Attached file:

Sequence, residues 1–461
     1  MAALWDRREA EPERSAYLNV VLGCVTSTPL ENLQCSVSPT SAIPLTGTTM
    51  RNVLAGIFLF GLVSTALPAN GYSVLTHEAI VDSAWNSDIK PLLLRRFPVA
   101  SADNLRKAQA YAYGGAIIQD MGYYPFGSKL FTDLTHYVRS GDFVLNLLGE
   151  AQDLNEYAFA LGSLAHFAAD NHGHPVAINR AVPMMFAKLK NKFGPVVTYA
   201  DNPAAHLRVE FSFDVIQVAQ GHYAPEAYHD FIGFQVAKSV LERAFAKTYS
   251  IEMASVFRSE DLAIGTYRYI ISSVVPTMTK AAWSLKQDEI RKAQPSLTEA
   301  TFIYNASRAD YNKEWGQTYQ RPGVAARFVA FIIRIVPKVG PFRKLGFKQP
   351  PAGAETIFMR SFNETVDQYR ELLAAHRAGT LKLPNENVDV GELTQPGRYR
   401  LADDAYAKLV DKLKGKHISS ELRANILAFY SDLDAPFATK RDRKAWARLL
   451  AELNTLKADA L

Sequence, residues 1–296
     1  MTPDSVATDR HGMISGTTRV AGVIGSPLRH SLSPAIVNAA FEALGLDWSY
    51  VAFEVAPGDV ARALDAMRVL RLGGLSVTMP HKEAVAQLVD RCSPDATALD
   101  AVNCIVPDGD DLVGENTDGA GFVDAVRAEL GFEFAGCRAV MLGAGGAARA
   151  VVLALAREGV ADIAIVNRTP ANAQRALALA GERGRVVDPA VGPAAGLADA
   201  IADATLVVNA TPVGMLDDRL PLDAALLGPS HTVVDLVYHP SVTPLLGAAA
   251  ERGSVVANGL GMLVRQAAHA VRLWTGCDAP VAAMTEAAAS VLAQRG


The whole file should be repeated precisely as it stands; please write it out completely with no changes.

Sequence, residues 1–461
     1  MAALWDRREA EPERSAYLNV VLGCVTSTPL ENLQCSVSPT SAIPLTGTTM
    51  RNVLAGIFLF GLVSTALPAN GYSVLTHEAI VDSAWNSDIK PLLLRRFPVA
   101  SADNLRKAQA YAYGGAIIQD MGYYPFGSKL FTDLTHYVRS GDFVLNLLGE
   151  AQDLNEYAFA LGSLAHFAAD NHGHPVAINR AVPMMFAKLK NKFGPVVTYA
   201  DNPAAHLRVE FSFDVIQVAQ GHYAPEAYHD FIGFQVAKSV LERAFAKTYS
   251  IEMASVFRSE DLAIGTYRYI ISSVVPTMTK AAWSLKQDEI RKAQPSLTEA
   301  TFIYNASRAD YNKEWGQTYQ RPGVAARFVA FIIRIVPKVG PFRKLGFKQP
   351  PAGAETIFMR SFNETVDQYR ELLAAHRAGT LKLPNENVDV GELTQPGRYR
   401  LADDAYAKLV DKLKGKHISS ELRANILAFY SDLDAPFATK RDRKAWARLL
   451  AELNTLKADA L

Sequence, residues 1–296
     1  MTPDSVATDR HGMISGTTRV AGVIGSPLRH SLSPAIVNAA FEALGLDWSY
    51  VAFEVAPGDV ARALDAMRVL RLGGLSVTMP HKEAVAQLVD RCSPDATALD
   101  AVNCIVPDGD DLVGENTDGA GFVDAVRAEL GFEFAGCRAV MLGAGGAARA
   151  VVLALAREGV ADIAIVNRTP ANAQRALALA GERGRVVDPA VGPAAGLADA
   201  IADATLVVNA TPVGMLDDRL PLDAALLGPS HTVVDLVYHP SVTPLLGAAA
   251  ERGSVVANGL GMLVRQAAHA VRLWTGCDAP VAAMTEAAAS VLAQRG